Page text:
If we cannot base decisions on facts, then what do we base them on? Feelings? Hunches? Premonitions? That didn’t work well in Salem in 1692; it shouldn’t work now. We should know better.

Call it a defense mechanism, but it is a common occurrence. When faced with uncomfortable facts, some individuals flee. If they don’t flee, they reach for untestable constructs or worse yet, mysticism to defend their beliefs. As if we believe that birds fly!

Great Britain is in a tough spot. Closing the door on these misguided values won’t be easy. Hopefully, the United States will not slip down that slippery slope into the abyss called ignorance.

Like it or not, we need companies like Monsanto. We need companies who research and develop products like GMOs that can help solve the greatest challenges to humankind. Without them, food insecurity will threaten our very existence.

http://exploring.weborglodge.com/By Chris DR

photo credit: Pez Witches via photopin (license)


Plants and Climate Change

dinosaurI wrote last time about the need for more science and statistics background for journalists writing about science issues. I hold this stance firmly in light of the weight some people give to the news. Many think that all stories published by popular media are true. Would if it were so! But it’s not. The most insidious fall into the category of misleading.

Blurring the Lines

In the same way popular media blurs the line between causation and correlation, so too does the line between the facts of climate change and its consequences suffer. For example, there is no doubt that a changing climate will impact plant life.

After all, plants stand as remarkable examples of natural selection to fit an environment. Change the environment, and the plants will adapt. However, there is more to the story that science would help you understand.

As announced by National Oceanic and Atmospheric Administration (NOAA) in 2013, the concentration of atmospheric carbon dioxide topped a daily average of 400 parts per million (ppm). One of the talking points is that it was the highest recorded in human history, with mention of this timeline going back further to over three million years ago to the Pleistocene Epoch.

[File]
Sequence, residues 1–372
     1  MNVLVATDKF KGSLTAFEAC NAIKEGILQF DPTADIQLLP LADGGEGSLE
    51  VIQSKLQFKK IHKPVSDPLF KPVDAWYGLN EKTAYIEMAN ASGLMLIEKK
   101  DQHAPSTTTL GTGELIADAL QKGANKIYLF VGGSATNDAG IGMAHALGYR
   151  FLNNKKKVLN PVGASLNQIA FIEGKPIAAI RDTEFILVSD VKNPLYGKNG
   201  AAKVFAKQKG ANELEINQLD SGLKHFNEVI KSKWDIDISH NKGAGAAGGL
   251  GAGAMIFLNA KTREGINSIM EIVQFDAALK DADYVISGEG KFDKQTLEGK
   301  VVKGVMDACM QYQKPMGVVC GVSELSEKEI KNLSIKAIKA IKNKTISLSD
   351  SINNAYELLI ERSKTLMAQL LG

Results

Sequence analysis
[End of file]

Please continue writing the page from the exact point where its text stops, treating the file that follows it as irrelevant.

It’s in Our Genes

To put that in perspective, hominins, or modern humans, appeared in the fossil record about six million years ago. During human evolution, our ancestors lived in a different environment. Presumably, they also experienced high carbon dioxide levels. Now, let’s look at plants.

The first flowering plants were known to exist about 160 million years ago. They evolved, thrived, and diversified in a world that was warmer than today, along with a higher atmospheric carbon dioxide concentration. That is part of their DNA, like it is with our own.

The point of this discussion is the dire consequences of climate change concern more the effects on economies and societies rather than direct harm to species. Flowering plants may not experience the same impact as other plants like corn or grasses. They’ll adapt because they have the genetic history. Likewise, humans have the genetic capability as well.

That’s not to say that the effects won’t hurt. Food crops like corn thrive better in lower carbon dioxide atmosphere. However, the physical effects won’t harm humans; humans will more likely effect humans. Climate change won’t hurt you, but how we react to it—or not—might.

When the popular media goes off about this or that change because of climate change, it is a prediction of how people will react, rather than high carbon dioxide levels suffocating all humans one day. They posit about how species may or may not adapt. It falls in the realm of correlation, rather than direct causation.

While it may seem like systematics, I think it’s important to realize that the control that humans have in their world and their responses to it. Likewise, there are things that we can’t control. After all, an asteroid wiped out the most successful group of animals in the history of the Earth.

http://exploring.weborglodge.com/By Chris DR
photo credit: IMG_1252′ via photopin (license)


We All Need More Science

scienceI wrote earlier about the irresponsible journalism of the Toronto Star. One quote from the columnist, Heather Mallick’s, statement about the original story rattled my cage. She said, “I’ve been trying to teach myself about statistics and science.” If this wasn’t a serious story, I’d think that quote was a punch line in a blonde joke. It proves my point: we all need more science.